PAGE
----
By Dr. Ayesha and Dr. Vivian Consultant Physiotherapists Spectrum Physio Centre.
- Stroke is a medical condition in which poor blood flow to the brain causes cell death.
- There are two main types of stroke: ischemic, due to lack of blood flow, and hemorrhagic, due to bleeding.
- Both cause parts of the brain to stop functioning properly.
- If symptoms last less than one or two hours, the stroke is a transient ischemic attack (TIA), also called a mini-stroke.
- Many etiologies can lead to a stroke. Some of the most common risk factors include; Hypertension, diabetes mellitus, hypercholesterolemia, physical inactivity, obesity, genetics, and smoking.
- Signs and symptoms often appear soon after the stroke has occurred.
- Signs and symptoms of a stroke may include an inability to move or feel on one side of the body, problems understanding or speaking, dizziness, or loss of vision to one side.
- Ischaemic strokes are the most common, accounting for up to 80% of strokes, and occur when there is an occlusion of a blood vessel impairing the flow of blood to the brain.
- Ischaemic Strokes are divided into: - Thrombotic, Embolic and Systemic hypoperfusion.
- Thrombotic means a blood clot within the main brain artery, Embolic means a blood clot that has dislodged from other area and lodged into the brain artery.
- Systemic Hypoperfusion means a general decrease in blood supply, eg. 1. in shock 2.occurring in small vessels(lacunar infarcts) caused by chronic, uncontrolled hypertension.
- Haemorrhagic Strokes occur when a blood vessel in the brain ruptures and bleeds.
- This leads to increased intracranial pressure which can further cause damage to the healthy/other parts of the brain.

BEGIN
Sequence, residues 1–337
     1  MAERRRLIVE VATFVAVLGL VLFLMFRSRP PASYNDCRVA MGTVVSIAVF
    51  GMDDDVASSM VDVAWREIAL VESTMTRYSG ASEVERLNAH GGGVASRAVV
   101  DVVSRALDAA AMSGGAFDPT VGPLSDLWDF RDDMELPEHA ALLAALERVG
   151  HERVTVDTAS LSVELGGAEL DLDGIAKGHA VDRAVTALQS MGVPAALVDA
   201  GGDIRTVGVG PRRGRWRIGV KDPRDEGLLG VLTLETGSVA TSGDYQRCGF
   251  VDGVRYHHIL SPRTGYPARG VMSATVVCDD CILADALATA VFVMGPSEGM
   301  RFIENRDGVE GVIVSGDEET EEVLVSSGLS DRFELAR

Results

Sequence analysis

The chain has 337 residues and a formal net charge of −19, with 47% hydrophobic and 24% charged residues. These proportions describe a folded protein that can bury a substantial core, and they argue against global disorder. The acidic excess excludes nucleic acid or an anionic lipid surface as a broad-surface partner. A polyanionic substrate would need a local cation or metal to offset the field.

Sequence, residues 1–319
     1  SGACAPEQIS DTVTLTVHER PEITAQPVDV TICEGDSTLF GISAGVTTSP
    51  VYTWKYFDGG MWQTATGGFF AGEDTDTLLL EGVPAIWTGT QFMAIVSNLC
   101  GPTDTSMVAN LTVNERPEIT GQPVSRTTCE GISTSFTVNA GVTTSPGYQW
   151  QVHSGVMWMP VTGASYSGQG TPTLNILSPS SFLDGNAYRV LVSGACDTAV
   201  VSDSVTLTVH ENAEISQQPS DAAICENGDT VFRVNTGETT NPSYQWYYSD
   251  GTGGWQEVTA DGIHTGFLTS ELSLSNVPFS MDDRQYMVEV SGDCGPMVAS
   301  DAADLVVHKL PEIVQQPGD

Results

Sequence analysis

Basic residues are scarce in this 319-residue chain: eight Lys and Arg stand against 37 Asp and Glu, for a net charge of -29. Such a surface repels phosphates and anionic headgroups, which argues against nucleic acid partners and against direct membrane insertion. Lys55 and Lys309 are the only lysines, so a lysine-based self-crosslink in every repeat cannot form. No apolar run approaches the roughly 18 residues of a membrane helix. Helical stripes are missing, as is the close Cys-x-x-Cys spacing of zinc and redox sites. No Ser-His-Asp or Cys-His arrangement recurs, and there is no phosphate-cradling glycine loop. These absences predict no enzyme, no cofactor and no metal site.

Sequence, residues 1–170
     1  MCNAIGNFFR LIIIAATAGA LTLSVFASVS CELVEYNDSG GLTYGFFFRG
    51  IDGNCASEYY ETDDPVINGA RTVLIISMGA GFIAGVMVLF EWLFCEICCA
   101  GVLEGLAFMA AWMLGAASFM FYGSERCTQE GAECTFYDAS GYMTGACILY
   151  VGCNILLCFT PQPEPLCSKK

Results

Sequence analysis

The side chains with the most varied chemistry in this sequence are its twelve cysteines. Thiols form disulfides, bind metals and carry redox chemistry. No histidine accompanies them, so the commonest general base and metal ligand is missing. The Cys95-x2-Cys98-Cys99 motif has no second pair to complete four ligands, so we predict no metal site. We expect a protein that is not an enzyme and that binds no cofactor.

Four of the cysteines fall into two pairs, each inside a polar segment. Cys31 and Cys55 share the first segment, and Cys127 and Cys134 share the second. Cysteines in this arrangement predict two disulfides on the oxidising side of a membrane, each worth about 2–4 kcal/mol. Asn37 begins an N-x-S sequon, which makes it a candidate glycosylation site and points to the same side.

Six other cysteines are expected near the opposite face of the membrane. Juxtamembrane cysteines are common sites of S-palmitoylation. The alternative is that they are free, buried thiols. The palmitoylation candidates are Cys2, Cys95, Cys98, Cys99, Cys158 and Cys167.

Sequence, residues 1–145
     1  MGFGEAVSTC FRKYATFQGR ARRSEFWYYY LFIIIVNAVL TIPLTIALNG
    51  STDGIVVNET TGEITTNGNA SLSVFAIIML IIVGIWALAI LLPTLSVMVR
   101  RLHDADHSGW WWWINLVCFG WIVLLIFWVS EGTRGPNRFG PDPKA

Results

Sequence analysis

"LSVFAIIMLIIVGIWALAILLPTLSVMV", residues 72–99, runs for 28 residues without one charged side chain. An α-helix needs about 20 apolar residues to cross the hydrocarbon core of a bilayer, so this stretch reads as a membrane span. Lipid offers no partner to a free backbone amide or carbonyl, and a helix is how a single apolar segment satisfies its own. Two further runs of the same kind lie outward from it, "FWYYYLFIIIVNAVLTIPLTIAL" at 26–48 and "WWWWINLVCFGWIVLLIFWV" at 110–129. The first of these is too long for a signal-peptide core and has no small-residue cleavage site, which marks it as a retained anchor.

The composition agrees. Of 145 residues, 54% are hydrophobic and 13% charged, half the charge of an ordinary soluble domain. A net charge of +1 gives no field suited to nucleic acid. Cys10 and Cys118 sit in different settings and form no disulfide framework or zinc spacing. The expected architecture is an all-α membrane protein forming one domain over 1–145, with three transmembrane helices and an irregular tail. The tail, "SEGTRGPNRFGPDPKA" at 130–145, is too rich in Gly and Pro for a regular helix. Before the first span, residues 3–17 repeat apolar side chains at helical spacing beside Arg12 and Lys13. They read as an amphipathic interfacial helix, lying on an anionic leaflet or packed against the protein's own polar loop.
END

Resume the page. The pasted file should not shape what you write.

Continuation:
- The main cause of hemorrhagic stroke is high blood pressure, followed by traumatic head injury.
Presentation based on affected side
- The terms Left Brain Stroke and Right Brain Stroke refer to the side of the brain where the obstruction causing the stroke occurs.
- There is not a worse or better side to have a stroke on as both sides control many important functions, but a more severe stroke will result in amplified effects.
- For any survivor to begin seeing positive changes after a stroke, the rehabilitation process must start right away, regardless of which side of the brain the stroke occurred.
- Although the effects of a stroke can be severe, the brain has an incredible ability to adjust and even reconnect neurological pathways. This is called Neuroplasticity.
Left brain stroke
- Possible paralysis on the right side of the body
Slow, cautious behavior
Impairment of organizational abilities
Facial weakness or problems with swallowing
Right brain stroke
- Possible paralysis on the left side of the body
Quick, overly curious behavior
Poor decision making
Facial weakness or problems swallowing
- Initial acute stage management mainly involves to stabilize the patient.
- Critical decisions focus on the need for intubation, blood pressure control, and determination of risk/benefit for thrombolytic intervention.
- Patients presenting with Glasgow Coma Scale scores of 8 require emergent airway control via intubation.
For the Physiotherapists
- Physiotherapists should be involved early and should make their own assessment of how much they can work with a patient.
- Early mobilisation is associated with better outcomes, even though the early presentation of the disease may look confounding.
- Physical exercise acts as preconditioning stimuli that offer brain protection effects and are safe and workable treatment options for providing increased neuroplasticity.
Primary Goals of Rehabilitation
- Prevent complications
- Minimize impairments
- Maximize function
Upper Limb Impairments:
Changes in Sensation
Altered Muscle Power
Changes in Muscle Tone
- There is evidence that strength train improve upper-limb strength and function without increasing tone or pain in individuals with stroke.
- Balance training has also showed positive results to improve static, dynamic and gait balance in patients with stroke.
- Modified Constraint-Induced Movement Therapy.
- Gaming and Virtual reality training